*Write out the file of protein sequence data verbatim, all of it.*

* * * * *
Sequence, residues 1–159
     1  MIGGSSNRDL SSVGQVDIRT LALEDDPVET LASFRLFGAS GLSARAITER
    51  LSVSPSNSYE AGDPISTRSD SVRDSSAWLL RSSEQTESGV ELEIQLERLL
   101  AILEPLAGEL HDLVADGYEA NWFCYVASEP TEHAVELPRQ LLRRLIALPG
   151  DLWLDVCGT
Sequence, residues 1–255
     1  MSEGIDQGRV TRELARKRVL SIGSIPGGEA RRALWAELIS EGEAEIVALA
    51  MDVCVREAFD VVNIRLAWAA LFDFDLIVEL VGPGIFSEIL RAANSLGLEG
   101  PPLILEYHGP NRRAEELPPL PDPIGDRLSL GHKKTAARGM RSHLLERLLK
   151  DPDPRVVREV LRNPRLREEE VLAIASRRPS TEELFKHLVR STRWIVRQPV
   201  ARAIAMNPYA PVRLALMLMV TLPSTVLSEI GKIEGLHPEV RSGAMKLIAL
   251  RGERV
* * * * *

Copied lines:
Sequence, residues 1–159
     1  MIGGSSNRDL SSVGQVDIRT LALEDDPVET LASFRLFGAS GLSARAITER
    51  LSVSPSNSYE AGDPISTRSD SVRDSSAWLL RSSEQTESGV ELEIQLERLL
   101  AILEPLAGEL HDLVADGYEA NWFCYVASEP TEHAVELPRQ LLRRLIALPG
   151  DLWLDVCGT
Sequence, residues 1–255
     1  MSEGIDQGRV TRELARKRVL SIGSIPGGEA RRALWAELIS EGEAEIVALA
    51  MDVCVREAFD VVNIRLAWAA LFDFDLIVEL VGPGIFSEIL RAANSLGLEG
   101  PPLILEYHGP NRRAEELPPL PDPIGDRLSL GHKKTAARGM RSHLLERLLK
   151  DPDPRVVREV LRNPRLREEE VLAIASRRPS TEELFKHLVR STRWIVRQPV
   201  ARAIAMNPYA PVRLALMLMV TLPSTVLSEI GKIEGLHPEV RSGAMKLIAL
   251  RGERV